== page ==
What's the difference between advice and guidance?

Harriet Meyer / 08 June 2016

If you're looking for advice and information on pensions or your finances, it's important to know the difference between guidance and advice.

A growing number of services are on offer to help guide prospective retirees through the retirement maze.

This follows the introduction of pension freedoms in April 2015, enabling retirees to spend their lifetime savings as they wish. 

While welcomed by many, this leaves a baffling range of options, from investing for income, a traditional annuity or continuing to save.

It’s tricky to know how to manage producing an income for the rest of your life, so where do you start?

Not sure if your pension is performing as it should? Read our guide to reviewing your pensions.

Free guidance

There is free guidance available, set up by the government. What form this will take in the future remains to be seen. 

The Chancellor said in the Budget 2016 that the Money Advice Service (MAS), the Pensions Advisory Service and Pension Wise will be restructured.

These services can be useful, and offer a steer on your options. 

At present you can still register your interest to speak to someone at Pension Wise. You may have a telephone chat or short face-to-face meeting to discuss what is available to you.

Confused by the new flat-rate state pension? Read Paul Lewis' guide.

Full advice

If you have relatively simple affairs and sound financial knowledge, using online services and basic guidance may be all your need.

However, beware that the services above are far removed from full-blown advice. They cannot offer in-depth analysis of your financial situation, or offer product recommendations.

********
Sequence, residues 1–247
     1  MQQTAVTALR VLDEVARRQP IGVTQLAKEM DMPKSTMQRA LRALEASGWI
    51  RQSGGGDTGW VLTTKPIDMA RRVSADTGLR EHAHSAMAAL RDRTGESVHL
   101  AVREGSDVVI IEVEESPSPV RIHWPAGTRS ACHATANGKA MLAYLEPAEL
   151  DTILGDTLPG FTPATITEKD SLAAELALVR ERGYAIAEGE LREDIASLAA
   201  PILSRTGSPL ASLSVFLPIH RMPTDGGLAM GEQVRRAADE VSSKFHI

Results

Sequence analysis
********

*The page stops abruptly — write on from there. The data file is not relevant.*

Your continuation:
Using any of the guidance services on offer will only provide basic advice. They cannot tell you whether you should opt for income drawdown in retirement, say, or transfer your pension.

Is a financial adviser really worth the cost?

Seeking an adviser

Full-blown advice costs several hundred pounds an hour – and can cost as much as thousands of pounds, depending on what actions you take. However, if your affairs are more complex it should ideally save you more than you spend.

An adviser could, for example, highlight valuable guarantees on pensions policies. Or they might flag hefty exit fees on with-profits policies that you might be unaware of. A small misunderstanding of your financial situation could cost you dear in the long-term.

In short, an adviser will take into account all aspects of your life and finances to work out a detailed plan with you. But where do you find one?

Websites such as unbiased.co.uk and vouchedfor.co.uk are a good place to start if you’re looking for a financial adviser. You can also search for an adviser through the Personal Finance Society at thepfs.org/membership/findanadviser

For more tips and useful information, browse our money articles.

The opinions expressed are those of the author and are not held by Saga unless specifically stated.

The material is for general information only and does not constitute investment, tax, legal, medical or other form of advice. You should not rely on this information to make (or refrain from making) any decisions. Always obtain independent, professional advice for your own particular situation.